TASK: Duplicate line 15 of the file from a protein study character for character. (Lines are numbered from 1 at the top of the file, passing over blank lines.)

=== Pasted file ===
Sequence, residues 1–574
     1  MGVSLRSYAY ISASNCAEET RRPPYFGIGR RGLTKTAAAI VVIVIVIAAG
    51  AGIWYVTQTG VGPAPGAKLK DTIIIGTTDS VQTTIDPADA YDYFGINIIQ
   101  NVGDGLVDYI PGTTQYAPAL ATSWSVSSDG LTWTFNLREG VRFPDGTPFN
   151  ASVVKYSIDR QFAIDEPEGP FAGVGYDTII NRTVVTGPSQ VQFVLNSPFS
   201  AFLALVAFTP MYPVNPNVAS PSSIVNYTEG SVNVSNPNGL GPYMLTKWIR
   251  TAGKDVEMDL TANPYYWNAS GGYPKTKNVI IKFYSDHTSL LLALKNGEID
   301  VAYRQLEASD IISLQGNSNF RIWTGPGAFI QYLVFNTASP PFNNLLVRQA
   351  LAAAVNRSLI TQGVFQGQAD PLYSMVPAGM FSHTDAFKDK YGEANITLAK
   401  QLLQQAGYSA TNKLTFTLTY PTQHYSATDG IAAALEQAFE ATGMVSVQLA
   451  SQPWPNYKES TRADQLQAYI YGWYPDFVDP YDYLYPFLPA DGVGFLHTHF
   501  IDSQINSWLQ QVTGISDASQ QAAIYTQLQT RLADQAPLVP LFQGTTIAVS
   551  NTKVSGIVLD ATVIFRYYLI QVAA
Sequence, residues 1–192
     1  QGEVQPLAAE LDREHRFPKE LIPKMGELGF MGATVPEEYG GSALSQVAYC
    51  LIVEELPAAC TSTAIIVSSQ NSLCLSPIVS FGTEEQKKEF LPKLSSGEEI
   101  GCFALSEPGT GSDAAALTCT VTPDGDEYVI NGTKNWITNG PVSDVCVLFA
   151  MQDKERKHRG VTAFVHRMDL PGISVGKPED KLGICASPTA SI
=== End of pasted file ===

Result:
     1  QGEVQPLAAE LDREHRFPKE LIPKMGELGF MGATVPEEYG GSALSQVAYC